A Word from Walker
I am grateful to God for each of the four seasons. I love each of them for different reasons. I love Summer for its warmth and all of the various outdoor activities that get re-introduced to us each June. I love Fall because I enjoy hunting, college football and chats around an open fire. I love Winter because the brisk, cold air invigorates my senses and I still occasionally will brave a really fast sled run. But Spring is different. Although it seems shorter than all of the seasons Spring is for me is all about compacted, concentrated hope.
When Spring arrives we move from cold to cool and to even a little bit warmer weather in a short period of time. You literally feel like you have to wear three types of outfits a day. Flowers bloom, but just as we begin to enjoy them they seem to fade. Baseball fans look forward to Spring Training, but in the blink of an eye Opening Day rolls past us. We get used to Spring and then we feel thrown into the furious flow of Summer.
As Christians, the obvious correlation is about the hope that is found only in the resurrection of Jesus. But that first resurrection day experienced over two thousand years ago came on the back end of a lot of bad stuff. For instance, in a short few days that we now refer to as Holy Week, the disciples experienced all of the possible human emotions one could fathom – pride in the triumphal entry of Jesus into Jerusalem; confusion about his constant referral to his impending suffering; conflict, accusations, and denial preceding and following his arrest and trials; anguish and confusion over his crucifixion; anxiety after his death; and shock and eventual joy over his resurrection. I can’t imagine if you did a psychological test on the disciples what they would score on the stress meter after such a week.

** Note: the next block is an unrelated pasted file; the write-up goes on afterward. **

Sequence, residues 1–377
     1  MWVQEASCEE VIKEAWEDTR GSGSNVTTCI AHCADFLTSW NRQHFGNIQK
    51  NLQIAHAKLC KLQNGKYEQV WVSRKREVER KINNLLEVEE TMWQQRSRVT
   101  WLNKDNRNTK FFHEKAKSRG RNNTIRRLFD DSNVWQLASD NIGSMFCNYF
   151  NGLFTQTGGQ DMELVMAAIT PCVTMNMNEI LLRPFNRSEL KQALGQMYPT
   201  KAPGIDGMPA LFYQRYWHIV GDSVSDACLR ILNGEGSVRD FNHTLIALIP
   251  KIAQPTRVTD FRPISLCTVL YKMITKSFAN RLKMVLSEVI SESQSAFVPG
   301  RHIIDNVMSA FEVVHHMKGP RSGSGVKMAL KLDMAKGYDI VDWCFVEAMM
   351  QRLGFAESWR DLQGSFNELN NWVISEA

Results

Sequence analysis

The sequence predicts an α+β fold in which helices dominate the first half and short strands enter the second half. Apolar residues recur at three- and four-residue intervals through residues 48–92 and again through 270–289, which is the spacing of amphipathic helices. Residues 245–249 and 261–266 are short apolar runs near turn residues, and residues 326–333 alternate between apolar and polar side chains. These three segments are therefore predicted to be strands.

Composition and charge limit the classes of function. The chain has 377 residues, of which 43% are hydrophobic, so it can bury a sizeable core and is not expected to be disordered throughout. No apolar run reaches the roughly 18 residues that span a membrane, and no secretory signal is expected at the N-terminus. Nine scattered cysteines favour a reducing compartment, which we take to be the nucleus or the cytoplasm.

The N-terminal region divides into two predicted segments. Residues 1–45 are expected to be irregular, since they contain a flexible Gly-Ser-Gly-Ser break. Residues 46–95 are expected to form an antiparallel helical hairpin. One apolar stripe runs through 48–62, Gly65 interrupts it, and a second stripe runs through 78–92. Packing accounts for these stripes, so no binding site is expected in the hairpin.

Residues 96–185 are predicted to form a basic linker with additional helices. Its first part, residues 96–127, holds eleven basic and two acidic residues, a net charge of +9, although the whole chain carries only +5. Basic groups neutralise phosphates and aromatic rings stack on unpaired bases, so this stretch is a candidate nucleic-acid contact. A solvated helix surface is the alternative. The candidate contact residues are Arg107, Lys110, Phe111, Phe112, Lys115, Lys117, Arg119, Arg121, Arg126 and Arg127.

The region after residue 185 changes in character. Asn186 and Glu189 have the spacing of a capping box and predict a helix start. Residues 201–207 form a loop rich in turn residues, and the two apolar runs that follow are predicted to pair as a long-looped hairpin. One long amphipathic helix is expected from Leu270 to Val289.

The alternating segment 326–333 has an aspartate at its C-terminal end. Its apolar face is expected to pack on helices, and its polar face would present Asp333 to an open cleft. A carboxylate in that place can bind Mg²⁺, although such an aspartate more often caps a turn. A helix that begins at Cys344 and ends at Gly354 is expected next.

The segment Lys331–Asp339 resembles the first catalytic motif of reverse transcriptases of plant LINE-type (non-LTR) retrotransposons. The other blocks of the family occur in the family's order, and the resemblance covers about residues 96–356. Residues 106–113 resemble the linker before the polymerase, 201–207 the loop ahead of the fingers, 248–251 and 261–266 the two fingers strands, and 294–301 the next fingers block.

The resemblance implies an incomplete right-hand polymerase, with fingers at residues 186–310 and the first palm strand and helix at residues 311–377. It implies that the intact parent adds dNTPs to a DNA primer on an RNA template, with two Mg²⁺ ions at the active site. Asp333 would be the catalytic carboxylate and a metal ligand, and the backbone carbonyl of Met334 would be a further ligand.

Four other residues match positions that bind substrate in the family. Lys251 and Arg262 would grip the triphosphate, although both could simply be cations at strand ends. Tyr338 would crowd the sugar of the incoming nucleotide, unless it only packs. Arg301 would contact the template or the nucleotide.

In many similar ways, we are coming out of the Winter of COVID and the numbness that many still feel from one year of isolation, fear and conflict. The good news is that many of our churches are almost back to some semblance of a regular routine if that is possible during the last year we’ve experienced. People are actually warming to coming back to worship, if you would allow me a little grace to spin that pun. I know pastors are looking at various ways to re-engage the community as people are willing to let people back into their lives. I would even venture out and make the somewhat bold statement that the most pessimistic folks among us would say we are moving forward.
And just like people who are wondering when they can wear lighter clothing, people are cautiously beginning to venture out to see if the newest adjustments with processing the pandemic are here to stay. My encouragement to you as we wait and see if the reduced numbers of hospitalizations and the increased numbers of those taking the vaccine make a difference is this: Don’t let the budding hope of Spring be something that passes you by. Don’t be like the disciples who saw the resurrected Jesus and still stayed in an uber-cautious mood. In other words, make sure that you don’t let fear of an outbreak of another pandemic or needless worry over reactions to the vaccine rob you of the joy that reflecting on the resurrection brings. We are people of hope because we know that any suffering we experience here is a light and momentary things compared to the glory that awaits us. So be wise, sensible and respectful of others, but be willing to let hope rise up in your heart once more. Afterall, over two thousand years ago the virus of fear and unbelief could not resist the delivering power of a conquering Lord.